Originally Posted by Mediocrefunkybeat
I'm actually getting really quite sick of the backward-looking 'Rock' lobby at the moment.
Now that I've alienated everybody in this thread, I will explain.
I like Led Zeppelin. I used to like them a lot more, but I'm actually with DMC on this one on so many levels. This focus on bands that have been gone thirty or forty years to the forsaking of all others (to use matrimonial terminology) really irritates me. That and bands (like Wolfmother) who just re-hash this kind of music. It happened, it's over, please move on with your lives.
The truth is, it stagnates everything. Whenever I listen to Classical Music (and I listen to a lot more than the majority of the people on here as part of my degree) I can usually place it within a certain compositional timeframe and see a progression directly from Bach, through to Mozart, Beethoven, Stravinsky, Schoenberg et al. I don't know if it's just me, but the speed of musical change in the previous century should have made it easier to pinpoint to even more specific dates. I can do it with jazz - I can listen to a lot of the music and pinpoint a rough era as to when the music was written - pre-'Brew' Davis is definitely pre -'Brew' Davis and Brian Blade is definitely much more modern, because I can see a linear progression. However, when I listen to a lot of guitar-based music, I just don't hear that. I can certainly hear it for the first decade or two of rock, for argument's sake '55-'75 but really beyond that, I struggle to hear what has musically changed in a lot of mainstream material.
This focus on a very specific time frame (roughly '68-'78) means that younger generations are growing up with an attitude of just wanting to play that music. I'm sick of pentatonic scales, I'm sick of two-minute guitar solos, I'm sick of drummers hitting their crash every 'one' and I'm sick of vocalists who think that they can use the word 'wooohhhmmaaannn' in a song without a hint of irony.
There are plenty of bands out there that don't do this. I could name dozens, but it seems to so many young people today that this period is all that counts. I know, I've been there and out the other side and I was even critical of drum machines for a long time - until I started looking elsewhere. I've discovered so much musical diversity in the last two decades it is ridiculous, but so little of it uses the 'standard band' format. Bowie is a prime example - there's a guy who realised what he was doing was going to be passe in the next two years and changed it all just because he could. What did we get? Two (arguably three) fantastic albums - that mercifully haven't been copied - and mind-blowing collaborations with a small group of musicians that have seriously radicalised and influenced a wide range of musicians in the years since. Why then, do I keep hearing the same three chords on the radio? Why do I listen to a mainstream pop track and think it's from the 90s but it turns out to be the 'newest' chart release?
Because people don't listen to enough music. Vygotsky (a psychologist) postulated a theory known as 'Zones of Proximal Development' whereby in order to develop, one has to stretch slightly beyond their 'comfort zone' and seek new empirical experiences. I don't think enough people do that. Without that I would have never have started the degree I am doing, I would never have discovered some really fantastic music (let's just start with Schoenberg and Penderecki) and I would have never have discovered quite what a computer could do, and that actually deeply disturbs me, yet every time I log in, I keep seeing the same names mentioned, the same concepts mentioned and there is very little new in any of it.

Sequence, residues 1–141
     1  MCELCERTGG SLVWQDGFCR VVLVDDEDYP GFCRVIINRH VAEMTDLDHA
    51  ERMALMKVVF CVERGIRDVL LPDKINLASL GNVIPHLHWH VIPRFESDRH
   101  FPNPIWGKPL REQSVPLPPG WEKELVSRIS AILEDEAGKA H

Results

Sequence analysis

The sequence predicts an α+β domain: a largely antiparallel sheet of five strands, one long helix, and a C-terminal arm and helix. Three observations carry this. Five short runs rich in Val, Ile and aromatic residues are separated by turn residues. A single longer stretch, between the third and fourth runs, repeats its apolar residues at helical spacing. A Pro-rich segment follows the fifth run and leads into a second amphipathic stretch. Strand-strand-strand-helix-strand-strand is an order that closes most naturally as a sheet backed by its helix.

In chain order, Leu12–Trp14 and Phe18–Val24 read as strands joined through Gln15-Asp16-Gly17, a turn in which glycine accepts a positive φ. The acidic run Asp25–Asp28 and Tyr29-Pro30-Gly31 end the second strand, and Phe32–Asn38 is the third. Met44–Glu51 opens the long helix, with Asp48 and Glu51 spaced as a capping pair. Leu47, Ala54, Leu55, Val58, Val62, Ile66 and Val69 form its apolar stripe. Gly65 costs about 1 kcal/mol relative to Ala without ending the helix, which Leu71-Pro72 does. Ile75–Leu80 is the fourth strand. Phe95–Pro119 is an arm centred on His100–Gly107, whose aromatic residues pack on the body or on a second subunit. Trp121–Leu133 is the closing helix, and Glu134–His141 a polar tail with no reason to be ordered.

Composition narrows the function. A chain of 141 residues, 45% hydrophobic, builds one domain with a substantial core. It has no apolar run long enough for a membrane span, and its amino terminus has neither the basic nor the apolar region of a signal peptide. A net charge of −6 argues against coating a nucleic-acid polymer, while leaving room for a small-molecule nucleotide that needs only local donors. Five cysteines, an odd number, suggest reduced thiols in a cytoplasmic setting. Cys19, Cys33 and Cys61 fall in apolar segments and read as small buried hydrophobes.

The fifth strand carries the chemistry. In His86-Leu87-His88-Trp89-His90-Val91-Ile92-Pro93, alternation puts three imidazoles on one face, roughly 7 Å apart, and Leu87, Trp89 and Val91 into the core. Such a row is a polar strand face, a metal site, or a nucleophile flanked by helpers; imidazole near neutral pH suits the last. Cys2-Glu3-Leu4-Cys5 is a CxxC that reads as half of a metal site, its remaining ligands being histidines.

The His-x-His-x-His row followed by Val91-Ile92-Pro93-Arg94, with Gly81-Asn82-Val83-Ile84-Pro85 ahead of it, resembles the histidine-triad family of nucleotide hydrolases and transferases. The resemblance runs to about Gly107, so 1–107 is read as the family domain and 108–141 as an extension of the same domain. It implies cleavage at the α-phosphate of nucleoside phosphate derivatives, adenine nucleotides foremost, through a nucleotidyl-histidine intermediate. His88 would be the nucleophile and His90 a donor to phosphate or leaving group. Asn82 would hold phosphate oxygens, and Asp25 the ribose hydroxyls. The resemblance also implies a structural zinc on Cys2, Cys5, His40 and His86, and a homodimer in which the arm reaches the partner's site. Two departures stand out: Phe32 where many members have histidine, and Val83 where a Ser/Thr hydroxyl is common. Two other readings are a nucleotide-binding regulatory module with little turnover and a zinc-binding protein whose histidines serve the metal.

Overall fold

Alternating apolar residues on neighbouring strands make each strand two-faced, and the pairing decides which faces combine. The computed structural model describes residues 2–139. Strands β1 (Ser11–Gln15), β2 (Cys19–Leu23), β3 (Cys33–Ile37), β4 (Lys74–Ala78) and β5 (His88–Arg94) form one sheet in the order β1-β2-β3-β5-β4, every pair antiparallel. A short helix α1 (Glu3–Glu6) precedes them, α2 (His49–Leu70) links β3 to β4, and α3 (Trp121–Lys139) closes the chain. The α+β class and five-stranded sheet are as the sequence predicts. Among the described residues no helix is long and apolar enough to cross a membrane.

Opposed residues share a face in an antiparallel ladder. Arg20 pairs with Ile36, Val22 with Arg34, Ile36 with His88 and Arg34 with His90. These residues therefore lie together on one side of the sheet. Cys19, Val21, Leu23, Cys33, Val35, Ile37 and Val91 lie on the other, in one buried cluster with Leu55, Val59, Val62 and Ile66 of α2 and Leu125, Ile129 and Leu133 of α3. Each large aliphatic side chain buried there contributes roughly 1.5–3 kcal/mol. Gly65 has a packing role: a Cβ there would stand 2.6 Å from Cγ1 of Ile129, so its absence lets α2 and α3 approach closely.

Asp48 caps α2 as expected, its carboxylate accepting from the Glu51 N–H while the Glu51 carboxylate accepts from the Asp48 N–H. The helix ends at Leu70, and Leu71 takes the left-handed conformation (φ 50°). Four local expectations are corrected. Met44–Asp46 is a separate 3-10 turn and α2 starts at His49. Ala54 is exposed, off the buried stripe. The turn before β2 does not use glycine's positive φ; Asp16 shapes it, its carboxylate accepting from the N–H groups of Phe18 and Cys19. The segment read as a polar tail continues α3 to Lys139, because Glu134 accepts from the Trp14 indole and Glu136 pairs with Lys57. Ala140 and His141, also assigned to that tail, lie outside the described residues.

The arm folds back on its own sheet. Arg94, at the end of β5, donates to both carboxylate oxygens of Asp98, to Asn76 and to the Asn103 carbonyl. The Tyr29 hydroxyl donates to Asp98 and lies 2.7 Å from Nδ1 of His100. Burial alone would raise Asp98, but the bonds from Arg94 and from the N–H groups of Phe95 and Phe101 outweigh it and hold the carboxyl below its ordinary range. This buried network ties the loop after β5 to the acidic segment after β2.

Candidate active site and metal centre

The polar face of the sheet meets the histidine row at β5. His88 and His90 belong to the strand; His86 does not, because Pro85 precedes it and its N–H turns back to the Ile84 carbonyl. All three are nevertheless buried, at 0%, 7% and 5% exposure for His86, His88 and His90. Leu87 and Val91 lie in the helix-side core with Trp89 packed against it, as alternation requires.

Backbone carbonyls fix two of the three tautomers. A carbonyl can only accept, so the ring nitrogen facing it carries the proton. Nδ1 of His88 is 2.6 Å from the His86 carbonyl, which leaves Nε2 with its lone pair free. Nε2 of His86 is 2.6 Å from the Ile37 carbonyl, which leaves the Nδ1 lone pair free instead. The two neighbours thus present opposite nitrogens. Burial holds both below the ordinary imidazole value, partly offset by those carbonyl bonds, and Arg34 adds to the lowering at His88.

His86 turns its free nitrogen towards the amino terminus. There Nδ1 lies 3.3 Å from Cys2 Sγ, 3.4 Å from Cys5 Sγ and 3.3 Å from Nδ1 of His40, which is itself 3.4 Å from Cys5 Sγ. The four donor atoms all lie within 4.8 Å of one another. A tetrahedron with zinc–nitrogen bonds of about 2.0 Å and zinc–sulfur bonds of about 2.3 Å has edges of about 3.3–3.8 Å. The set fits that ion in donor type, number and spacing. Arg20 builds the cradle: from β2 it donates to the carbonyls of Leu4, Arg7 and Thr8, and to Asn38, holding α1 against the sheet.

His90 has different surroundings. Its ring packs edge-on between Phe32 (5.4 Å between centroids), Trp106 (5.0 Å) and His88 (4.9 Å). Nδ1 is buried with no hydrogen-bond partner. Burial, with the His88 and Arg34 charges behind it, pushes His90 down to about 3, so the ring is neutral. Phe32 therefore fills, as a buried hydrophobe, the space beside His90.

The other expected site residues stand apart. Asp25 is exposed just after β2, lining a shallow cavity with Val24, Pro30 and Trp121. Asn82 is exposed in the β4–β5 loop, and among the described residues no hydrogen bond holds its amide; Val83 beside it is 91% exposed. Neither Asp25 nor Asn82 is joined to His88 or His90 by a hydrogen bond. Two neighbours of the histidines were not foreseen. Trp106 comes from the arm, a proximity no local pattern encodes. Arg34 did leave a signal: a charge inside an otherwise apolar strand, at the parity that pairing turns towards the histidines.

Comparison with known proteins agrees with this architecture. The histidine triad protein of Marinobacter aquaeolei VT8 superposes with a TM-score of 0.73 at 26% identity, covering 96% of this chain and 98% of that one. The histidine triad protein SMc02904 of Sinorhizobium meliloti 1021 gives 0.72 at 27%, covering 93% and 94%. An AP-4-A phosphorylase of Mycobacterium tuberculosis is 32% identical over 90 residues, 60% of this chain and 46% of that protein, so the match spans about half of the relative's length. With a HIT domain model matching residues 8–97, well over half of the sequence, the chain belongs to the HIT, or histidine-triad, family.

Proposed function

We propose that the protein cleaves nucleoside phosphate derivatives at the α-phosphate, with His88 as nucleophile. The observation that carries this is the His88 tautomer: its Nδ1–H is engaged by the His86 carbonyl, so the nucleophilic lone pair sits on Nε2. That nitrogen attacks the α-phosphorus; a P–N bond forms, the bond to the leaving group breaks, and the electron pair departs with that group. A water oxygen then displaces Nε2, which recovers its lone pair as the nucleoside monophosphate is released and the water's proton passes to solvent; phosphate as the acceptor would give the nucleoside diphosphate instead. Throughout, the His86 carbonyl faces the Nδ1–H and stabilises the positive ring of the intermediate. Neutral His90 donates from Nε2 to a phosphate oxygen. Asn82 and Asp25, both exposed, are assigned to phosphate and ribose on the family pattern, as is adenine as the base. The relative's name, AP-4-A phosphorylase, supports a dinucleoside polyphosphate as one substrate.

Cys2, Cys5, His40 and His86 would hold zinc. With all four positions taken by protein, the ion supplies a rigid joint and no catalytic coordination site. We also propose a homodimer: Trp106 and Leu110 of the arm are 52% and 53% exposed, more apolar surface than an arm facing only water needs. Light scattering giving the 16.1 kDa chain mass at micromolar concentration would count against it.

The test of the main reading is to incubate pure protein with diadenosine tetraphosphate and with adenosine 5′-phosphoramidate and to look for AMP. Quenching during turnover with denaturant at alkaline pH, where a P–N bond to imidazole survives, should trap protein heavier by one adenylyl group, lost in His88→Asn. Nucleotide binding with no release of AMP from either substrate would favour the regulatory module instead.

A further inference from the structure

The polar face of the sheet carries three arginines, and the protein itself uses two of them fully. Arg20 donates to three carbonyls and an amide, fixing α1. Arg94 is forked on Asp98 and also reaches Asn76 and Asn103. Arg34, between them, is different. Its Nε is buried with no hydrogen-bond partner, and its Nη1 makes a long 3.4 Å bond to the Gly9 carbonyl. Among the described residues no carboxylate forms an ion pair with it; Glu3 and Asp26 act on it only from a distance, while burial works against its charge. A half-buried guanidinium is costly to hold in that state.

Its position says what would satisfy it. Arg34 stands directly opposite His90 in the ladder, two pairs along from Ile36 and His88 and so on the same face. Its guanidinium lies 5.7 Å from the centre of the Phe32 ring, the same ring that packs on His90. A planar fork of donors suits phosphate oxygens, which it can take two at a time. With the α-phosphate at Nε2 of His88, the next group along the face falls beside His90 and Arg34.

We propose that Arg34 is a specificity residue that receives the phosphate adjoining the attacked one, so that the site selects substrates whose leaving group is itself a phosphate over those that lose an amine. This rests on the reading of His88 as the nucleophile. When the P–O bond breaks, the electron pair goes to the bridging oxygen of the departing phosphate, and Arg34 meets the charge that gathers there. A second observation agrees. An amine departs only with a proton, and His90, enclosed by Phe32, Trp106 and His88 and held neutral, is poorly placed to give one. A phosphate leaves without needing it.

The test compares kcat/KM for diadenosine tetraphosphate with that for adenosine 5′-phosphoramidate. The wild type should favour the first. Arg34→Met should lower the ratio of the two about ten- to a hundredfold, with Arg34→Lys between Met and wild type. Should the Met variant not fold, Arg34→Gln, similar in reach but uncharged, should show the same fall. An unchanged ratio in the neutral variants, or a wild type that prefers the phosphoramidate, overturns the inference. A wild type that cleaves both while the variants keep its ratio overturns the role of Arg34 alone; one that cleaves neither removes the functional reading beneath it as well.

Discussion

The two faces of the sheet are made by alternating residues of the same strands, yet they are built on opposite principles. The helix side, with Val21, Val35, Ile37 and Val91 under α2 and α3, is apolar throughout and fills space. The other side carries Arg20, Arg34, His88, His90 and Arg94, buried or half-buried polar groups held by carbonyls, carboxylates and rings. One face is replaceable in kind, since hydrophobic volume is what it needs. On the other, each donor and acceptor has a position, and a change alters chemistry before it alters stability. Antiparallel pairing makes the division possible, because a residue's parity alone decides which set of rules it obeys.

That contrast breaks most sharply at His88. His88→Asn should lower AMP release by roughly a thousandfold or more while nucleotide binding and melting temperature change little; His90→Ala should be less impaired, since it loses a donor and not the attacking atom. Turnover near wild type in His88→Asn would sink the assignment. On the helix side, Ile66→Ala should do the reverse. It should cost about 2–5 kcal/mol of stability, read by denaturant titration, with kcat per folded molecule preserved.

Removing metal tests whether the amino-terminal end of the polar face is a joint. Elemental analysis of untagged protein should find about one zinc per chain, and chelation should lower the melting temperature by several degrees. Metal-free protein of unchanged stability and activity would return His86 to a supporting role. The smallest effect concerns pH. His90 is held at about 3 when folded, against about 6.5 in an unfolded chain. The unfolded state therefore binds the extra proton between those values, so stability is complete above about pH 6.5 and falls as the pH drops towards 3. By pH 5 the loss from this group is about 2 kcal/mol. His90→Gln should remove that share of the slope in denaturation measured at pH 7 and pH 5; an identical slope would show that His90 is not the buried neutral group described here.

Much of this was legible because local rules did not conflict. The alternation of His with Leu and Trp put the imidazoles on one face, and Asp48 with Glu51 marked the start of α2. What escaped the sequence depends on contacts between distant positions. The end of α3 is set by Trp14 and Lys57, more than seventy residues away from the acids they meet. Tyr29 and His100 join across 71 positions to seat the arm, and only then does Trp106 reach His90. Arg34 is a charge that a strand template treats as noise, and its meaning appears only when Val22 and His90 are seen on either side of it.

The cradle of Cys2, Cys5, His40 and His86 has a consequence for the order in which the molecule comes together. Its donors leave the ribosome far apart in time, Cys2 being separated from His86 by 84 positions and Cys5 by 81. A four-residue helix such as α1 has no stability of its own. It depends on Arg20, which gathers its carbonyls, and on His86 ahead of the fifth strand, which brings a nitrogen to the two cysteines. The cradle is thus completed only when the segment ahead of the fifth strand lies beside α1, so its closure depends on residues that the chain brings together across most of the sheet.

Why not take the primitive rhythms of Stravinsky's 'Rite of Spring' and try something new, rather than lauding over Bonham, Paice et al (who I do think are great drummers) and really pushing some boundaries?
You've [put up a thoughtful post, but I disagree with you on a number of things.
First and foremost is that age of rock. Of course it's easier to follow the progression of a music that is hundreds of years old--classical, or 100+ years old--jazz.
But even, their are some great reintreptations of classics like "The Hall of the Mountain King," by Apocolypto and Savantage.
But what about the early guitart laden rock, to the electronic music of the 80's, to rebirth of hard rock in the 90's with much less guitar dependence and soloing, to multiple genre's of metal, to the likes of rap and hip hop. Music has changed drastically over the last 40 years--for better or worse is for the individual to decide.
But the idea that "it happened, it's over?" I see that along the lines of cutting out elemenatry school and sending kids straight to high school. It's where you end up anyway. Seems from your post some musical taste foundations irritate you while others don't. I don't see the discussion as being a scholastic as you've implied. Music is music, and some music grabs some, while not others. Seems odd to be irritated by what does grab some. It's also odd to not see the roots of a current top 40 band along the lines of Buckcheery and not see the 70's roots to the music.
Furthermore, a lot of classical music isn't all that scholastic, and a lot of it stands alone in the fact that it didn't come from previous music, and like popular music, a lot of it is just catching a ride on what was popular and rewriting "popular" in another way. A lot like top 40 music is today much the same song over and over. If people were as familiar with classical musuc as they are with current music, this would be obvious.